In fact, I have no issues with metro for touch screen devices. I'm sure it will be fine on tablets etc. It just doesn't belong on a desktop. That, is the issue.
And the only reason that you think so is that it creates a position of neutrality (desktop vs. touch).
I take it you've never seen a mobile application OR app OR game that you wished you could run on your desktop (or vice-versa)?
I'm perfectly willing to admit that I have (and in both directions). The current OS biasing/niche-ificaiton does not (except with VERY limited exceptions) permit write-once/run anywhere for applications - not even for Linux distributions. (While some iOS games can run unchanged on OS X Lion or later, that is not true of the majority, and that is quite deliberate on the part of Apple.)
WinRT is the first deliberate attempt to de-bias applications and games, as the only bias inherent in WinRT is due to the API (Windows 7 doesn't support WinRT). Write to WinRT and both WindowsRT *and* Windows 8 can run your application or game. Write to Win32 and Windows 8 and Windows 7 can run your application or game. With WinRT, you can also write applications to Windows Phone (or even port Windows Phone applications to WinRT) with minimal changes. The utterly amazing thing with Windows 8 is, despite the neutrality in terms of API support, the existing crop of applications runs just fine. Windows 7 (in any form) has NOT been able to say that.
I get that this particular change is a biggie - in fact, I have called it the biggest change in Windows from a UI point of view since the launch of Windows 95's first wider beta (specifically, build 224 and Windows 95 beta 2). However, you don't necessarily have to run ANY WinRT applications - in fact, I don't. Every application, game, and utility I run on my Consumer Preview install (except for some WinRT games) is of the traditional sort - for the simple reason that I haven't found a single WinRT application or utility good enough to replace the traditional application or utility I use for that task.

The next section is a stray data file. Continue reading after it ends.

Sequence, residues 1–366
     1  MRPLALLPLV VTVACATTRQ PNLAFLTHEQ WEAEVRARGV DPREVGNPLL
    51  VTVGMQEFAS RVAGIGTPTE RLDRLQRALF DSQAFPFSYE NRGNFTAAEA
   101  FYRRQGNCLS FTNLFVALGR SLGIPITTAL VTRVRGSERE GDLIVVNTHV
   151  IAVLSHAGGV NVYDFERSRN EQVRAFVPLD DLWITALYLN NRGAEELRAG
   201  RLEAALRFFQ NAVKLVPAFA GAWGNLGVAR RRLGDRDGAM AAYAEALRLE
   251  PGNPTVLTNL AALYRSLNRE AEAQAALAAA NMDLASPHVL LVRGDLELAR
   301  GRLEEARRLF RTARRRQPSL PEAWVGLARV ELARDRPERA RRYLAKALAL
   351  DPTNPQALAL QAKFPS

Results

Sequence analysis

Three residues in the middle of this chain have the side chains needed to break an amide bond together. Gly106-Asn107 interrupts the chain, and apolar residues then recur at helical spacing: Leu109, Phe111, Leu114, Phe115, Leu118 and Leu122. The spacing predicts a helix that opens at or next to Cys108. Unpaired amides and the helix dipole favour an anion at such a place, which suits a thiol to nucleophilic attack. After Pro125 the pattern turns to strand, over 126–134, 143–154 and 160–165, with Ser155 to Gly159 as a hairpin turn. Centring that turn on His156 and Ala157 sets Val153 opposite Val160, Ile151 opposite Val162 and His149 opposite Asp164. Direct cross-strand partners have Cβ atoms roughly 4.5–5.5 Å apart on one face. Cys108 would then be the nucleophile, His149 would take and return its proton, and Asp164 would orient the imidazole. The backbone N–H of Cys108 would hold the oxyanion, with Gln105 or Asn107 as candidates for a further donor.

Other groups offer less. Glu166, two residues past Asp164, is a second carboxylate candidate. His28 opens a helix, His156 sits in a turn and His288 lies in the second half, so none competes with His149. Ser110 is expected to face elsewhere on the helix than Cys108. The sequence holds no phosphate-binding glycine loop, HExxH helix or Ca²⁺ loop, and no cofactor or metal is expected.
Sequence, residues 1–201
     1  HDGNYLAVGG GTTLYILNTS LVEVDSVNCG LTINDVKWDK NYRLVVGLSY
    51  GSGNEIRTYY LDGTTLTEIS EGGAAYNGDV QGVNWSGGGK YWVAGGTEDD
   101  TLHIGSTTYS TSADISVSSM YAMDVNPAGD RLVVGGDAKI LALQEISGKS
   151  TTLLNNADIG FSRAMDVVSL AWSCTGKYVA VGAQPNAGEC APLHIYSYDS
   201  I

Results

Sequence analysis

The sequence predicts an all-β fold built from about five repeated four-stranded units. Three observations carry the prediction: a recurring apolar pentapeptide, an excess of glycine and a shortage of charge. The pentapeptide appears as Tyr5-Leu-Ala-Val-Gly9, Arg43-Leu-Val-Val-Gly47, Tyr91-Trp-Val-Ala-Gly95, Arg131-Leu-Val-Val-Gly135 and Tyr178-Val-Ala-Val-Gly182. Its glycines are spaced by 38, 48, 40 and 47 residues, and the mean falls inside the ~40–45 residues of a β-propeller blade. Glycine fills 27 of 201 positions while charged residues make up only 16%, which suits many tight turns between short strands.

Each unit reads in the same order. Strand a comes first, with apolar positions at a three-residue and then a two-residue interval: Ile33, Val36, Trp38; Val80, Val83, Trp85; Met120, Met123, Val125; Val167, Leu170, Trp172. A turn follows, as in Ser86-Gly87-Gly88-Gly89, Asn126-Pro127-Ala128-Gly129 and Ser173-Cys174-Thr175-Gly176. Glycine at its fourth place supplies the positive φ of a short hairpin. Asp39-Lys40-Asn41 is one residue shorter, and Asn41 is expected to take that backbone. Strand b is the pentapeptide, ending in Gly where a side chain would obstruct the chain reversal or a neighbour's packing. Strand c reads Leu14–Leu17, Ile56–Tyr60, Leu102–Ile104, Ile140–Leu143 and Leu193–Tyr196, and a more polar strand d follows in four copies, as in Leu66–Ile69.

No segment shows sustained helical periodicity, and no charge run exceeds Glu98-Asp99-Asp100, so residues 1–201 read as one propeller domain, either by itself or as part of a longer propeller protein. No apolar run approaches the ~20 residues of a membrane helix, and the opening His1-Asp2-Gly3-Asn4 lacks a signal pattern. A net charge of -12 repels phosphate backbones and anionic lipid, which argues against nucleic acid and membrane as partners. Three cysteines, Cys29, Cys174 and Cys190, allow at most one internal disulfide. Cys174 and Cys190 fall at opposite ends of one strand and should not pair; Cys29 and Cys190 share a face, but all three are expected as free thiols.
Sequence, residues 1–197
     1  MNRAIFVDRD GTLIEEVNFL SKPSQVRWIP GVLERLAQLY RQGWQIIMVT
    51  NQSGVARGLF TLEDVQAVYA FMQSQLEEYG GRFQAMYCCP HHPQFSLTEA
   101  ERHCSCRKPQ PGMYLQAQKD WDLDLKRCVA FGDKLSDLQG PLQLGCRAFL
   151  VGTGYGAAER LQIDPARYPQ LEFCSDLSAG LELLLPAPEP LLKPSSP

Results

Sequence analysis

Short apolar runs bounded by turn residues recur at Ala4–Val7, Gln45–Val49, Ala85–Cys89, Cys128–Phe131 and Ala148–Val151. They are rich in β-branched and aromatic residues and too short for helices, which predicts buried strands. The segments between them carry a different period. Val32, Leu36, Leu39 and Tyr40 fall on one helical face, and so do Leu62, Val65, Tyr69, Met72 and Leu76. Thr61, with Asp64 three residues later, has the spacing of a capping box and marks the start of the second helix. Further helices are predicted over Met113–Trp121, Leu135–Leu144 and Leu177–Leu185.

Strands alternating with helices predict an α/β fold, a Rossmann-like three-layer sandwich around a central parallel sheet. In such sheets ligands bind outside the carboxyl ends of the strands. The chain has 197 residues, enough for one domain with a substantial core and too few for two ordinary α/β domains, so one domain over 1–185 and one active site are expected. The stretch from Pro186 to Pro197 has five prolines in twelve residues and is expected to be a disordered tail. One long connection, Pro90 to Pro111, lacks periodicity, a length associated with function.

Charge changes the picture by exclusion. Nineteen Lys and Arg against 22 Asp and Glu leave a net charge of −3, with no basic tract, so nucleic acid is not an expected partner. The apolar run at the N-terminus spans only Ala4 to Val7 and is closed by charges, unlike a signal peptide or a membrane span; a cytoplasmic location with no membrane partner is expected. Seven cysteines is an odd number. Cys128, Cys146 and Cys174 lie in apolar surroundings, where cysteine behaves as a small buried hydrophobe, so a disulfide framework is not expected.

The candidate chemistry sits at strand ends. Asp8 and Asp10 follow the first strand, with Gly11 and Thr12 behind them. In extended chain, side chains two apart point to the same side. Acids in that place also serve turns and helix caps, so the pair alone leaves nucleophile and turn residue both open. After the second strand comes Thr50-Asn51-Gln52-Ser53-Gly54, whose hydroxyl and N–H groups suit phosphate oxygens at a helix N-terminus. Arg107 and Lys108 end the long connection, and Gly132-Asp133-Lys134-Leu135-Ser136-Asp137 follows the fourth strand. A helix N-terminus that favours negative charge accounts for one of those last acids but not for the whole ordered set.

Is the issue the StartScreen - or the lack of a Start menu (of the traditional sort)? The very reason I bring up the latter is that there ARE applications that create the semblance of a Start menu from the StartScreen (Stardock's Start8, for example) - however, apparently that's not enough to suit you.
Surprisingly, the very reason I run the Consumer Preview of Windows 8 as the sole OS on a daily basis is something that the detractors have dismissed. It's not the new UI. It's not even the new application types.
It's the backward-compatibility *and* performance - both of which exceed even Windows 7 + Service Pack 1.
All those "doesn't belong on a desktop" comments are saying is that you (as a user) are perfectly happy with the stratification of operating systems by UI type. Even more telling, you're perfectly willing to give up better performance in existing applications (and on existing hardware) to keep that. Basically, the anti Windows 8 UI arguments are looking a LOT like the arguments of governors of Southern states in favor of the continuation of separate-but-equal - made in 2012 (despite approximately half a century of hard data - in their own states - proving the argument they are trying to present as specious and meritless) - both subjective and silly. (Subjective in the sense that you are ignoring the hard data on backward compatibility of existing applications and hardware - much of which you admit to, but discount because it doesn't buttress your argument/position. Silly in the sense that you are perfectly willing to castigate the same behavior in others whose positions you oppose - then you engage in it yourself in opposition to THEIR position.)